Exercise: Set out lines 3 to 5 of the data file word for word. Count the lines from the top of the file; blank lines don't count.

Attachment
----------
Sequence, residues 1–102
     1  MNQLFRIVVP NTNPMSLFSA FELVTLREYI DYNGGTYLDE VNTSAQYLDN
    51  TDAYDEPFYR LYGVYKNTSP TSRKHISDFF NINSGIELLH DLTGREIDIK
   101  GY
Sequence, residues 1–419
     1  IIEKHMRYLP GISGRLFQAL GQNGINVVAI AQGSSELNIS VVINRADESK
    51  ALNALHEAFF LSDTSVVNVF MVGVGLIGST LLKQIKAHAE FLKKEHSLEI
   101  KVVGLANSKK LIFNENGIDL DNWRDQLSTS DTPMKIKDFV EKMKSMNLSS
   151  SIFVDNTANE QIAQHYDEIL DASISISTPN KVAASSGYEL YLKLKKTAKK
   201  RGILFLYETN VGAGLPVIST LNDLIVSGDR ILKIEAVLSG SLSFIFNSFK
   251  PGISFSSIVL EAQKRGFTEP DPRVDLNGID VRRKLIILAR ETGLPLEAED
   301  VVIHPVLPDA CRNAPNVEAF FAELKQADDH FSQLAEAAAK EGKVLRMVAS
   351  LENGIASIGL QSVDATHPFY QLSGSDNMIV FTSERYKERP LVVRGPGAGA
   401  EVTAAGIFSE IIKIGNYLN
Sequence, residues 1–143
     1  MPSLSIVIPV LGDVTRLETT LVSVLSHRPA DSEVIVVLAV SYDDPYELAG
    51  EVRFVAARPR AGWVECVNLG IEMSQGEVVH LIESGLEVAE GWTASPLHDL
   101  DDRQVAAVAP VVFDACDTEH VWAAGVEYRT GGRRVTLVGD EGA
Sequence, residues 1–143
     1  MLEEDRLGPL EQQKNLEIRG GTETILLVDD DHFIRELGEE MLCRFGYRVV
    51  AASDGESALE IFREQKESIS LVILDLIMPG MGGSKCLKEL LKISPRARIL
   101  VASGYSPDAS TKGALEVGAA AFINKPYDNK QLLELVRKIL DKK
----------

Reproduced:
    51  TDAYDEPFYR LYGVYKNTSP TSRKHISDFF NINSGIELLH DLTGREIDIK
   101  GY
Sequence, residues 1–419